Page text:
It is essential to understand the various enrollment periods to apply for Medicare at the right time.
Initial Enrollment Period (IEP): This is the seven month period when you first become eligible for Medicare.
General Enrollment Period (GEP): If you miss your IEP, you can enroll during the GEP, which runs from January 1st to March 31st each year.
Special Enrollment Period (SEP): There are certain circumstances, such as losing employer based coverage or relocating, that allow you to enroll outside the regular enrollment periods.
Many individuals opt to continue their employment past the age of 65 and retain the health coverage provided by their employer's group plan. However, if you've been contributing to Medicare through your payroll, it's wise to sign up for Original Medicare Part A, which covers hospital costs, as soon as you're eligible. There's no premium for this.
When it comes to Medicare Part B, which covers medical expenses, most people should sign up at 65 to steer clear of a late-enrollment penalty. The only exceptions are those with health coverage from their own or their spouse’s current employment. These individuals might be able to defer enrolling in Part B, hence delaying the monthly premium payment. As of 2023, this premium stands at $164.90 or more, based on your income.
Should you be 65 or older and your health coverage comes from a group plan from your or your spouse's current job, you could be eligible for a Special Election Period (SEP). This allowance lets you sign up for Parts A and/or B during an 8-month timeframe. This period begins the month after your group health plan coverage ends or when the employment it relies on ends, whichever occurs first.
Applying for Medicare is a straightforward process. You can apply online at the Social Security website, in person at your local Social Security office, or over the phone. You will need to provide personal information and details about your employment history.
Online application: The easiest and fastest way to sign up is to visit the Social Security Administration's website and complete the Medicare application form. You’ll need to create your my Social Security account to sign up for Medicare online.
Phone application: Call the Social Security Administration at 1-800-772-1213 and apply over the phone.
In person at your local Social Security Office. Click here for the Office Locator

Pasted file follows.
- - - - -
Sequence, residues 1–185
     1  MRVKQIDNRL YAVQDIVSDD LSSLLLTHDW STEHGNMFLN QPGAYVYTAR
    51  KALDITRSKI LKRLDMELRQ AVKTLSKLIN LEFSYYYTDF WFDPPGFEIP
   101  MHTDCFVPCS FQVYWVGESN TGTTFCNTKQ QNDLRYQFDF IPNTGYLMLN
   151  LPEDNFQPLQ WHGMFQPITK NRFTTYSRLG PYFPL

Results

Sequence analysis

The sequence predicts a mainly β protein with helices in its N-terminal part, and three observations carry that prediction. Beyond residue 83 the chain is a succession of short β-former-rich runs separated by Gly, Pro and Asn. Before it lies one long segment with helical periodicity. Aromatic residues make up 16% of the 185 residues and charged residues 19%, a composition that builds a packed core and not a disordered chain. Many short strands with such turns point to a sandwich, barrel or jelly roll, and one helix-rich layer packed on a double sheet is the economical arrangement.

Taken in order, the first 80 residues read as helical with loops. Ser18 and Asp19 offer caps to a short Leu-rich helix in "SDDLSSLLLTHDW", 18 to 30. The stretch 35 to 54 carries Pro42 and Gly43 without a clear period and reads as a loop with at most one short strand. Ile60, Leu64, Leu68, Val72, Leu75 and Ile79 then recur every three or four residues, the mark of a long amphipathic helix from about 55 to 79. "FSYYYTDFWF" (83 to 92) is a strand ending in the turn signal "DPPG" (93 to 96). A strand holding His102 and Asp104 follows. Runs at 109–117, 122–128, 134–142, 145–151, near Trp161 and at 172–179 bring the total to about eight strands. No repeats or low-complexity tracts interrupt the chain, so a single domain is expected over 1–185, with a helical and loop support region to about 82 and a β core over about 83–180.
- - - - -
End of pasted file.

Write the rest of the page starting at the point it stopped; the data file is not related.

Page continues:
to search by zip code.
In most cases, you do not need to apply for Medicare Part A. If you are already receiving Social Security benefits or Railroad Retirement Board benefits, you are typically enrolled in Medicare Part A automatically. The Social Security Administration (SSA) will send you a Medicare card a few months before you turn 65 or after you have been receiving disability benefits for 24 months.
If you are not receiving Social Security benefits or Railroad Retirement Board benefits, you can still qualify for premium-free Medicare Part A if you or your spouse paid Medicare taxes while working for at least 10 years (equivalent to 40 quarters). In this case, you will be enrolled in Medicare Part A automatically when you turn 65.
If you do not meet these criteria and want to enroll in Medicare Part A, you can apply for it.
Yes, you can apply for Medicare before you turn 65 if you have certain disabilities or End Stage Renal Disease.
The best way to avoid late enrollment penalties is to apply for Medicare during your initial enrollment period.
It depends on the size of your employer. If you work for a small company, it might be advantageous to apply for Medicare. For larger companies, you may be able to delay without penalty.
We do not offer every plan available in your area. Any information we provide is limited to those plans we do offer in your area. Please contact or 1-800-MEDICARE to get information on all of your options.
Medicare has neither reviewed nor endorsed this information. Not connected with or endorsed by the United States government or the federal Medicare program.
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